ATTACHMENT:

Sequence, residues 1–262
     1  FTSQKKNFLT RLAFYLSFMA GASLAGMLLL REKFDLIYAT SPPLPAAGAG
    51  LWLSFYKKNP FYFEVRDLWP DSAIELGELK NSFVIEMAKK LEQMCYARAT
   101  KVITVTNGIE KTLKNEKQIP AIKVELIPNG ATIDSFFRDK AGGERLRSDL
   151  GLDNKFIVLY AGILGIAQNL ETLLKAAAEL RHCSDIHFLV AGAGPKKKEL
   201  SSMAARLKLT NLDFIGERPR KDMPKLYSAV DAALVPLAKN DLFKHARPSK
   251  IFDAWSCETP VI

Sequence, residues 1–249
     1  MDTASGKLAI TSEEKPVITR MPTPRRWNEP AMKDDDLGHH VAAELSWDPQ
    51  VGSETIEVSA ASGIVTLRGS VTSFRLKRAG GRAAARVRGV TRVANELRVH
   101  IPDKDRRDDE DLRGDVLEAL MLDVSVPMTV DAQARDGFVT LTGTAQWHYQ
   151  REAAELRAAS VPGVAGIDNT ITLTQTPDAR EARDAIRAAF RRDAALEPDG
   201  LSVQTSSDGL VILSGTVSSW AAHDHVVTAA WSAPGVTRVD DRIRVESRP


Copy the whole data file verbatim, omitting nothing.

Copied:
Sequence, residues 1–262
     1  FTSQKKNFLT RLAFYLSFMA GASLAGMLLL REKFDLIYAT SPPLPAAGAG
    51  LWLSFYKKNP FYFEVRDLWP DSAIELGELK NSFVIEMAKK LEQMCYARAT
   101  KVITVTNGIE KTLKNEKQIP AIKVELIPNG ATIDSFFRDK AGGERLRSDL
   151  GLDNKFIVLY AGILGIAQNL ETLLKAAAEL RHCSDIHFLV AGAGPKKKEL
   201  SSMAARLKLT NLDFIGERPR KDMPKLYSAV DAALVPLAKN DLFKHARPSK
   251  IFDAWSCETP VI

Sequence, residues 1–249
     1  MDTASGKLAI TSEEKPVITR MPTPRRWNEP AMKDDDLGHH VAAELSWDPQ
    51  VGSETIEVSA ASGIVTLRGS VTSFRLKRAG GRAAARVRGV TRVANELRVH
   101  IPDKDRRDDE DLRGDVLEAL MLDVSVPMTV DAQARDGFVT LTGTAQWHYQ
   151  REAAELRAAS VPGVAGIDNT ITLTQTPDAR EARDAIRAAF RRDAALEPDG
   201  LSVQTSSDGL VILSGTVSSW AAHDHVVTAA WSAPGVTRVD DRIRVESRP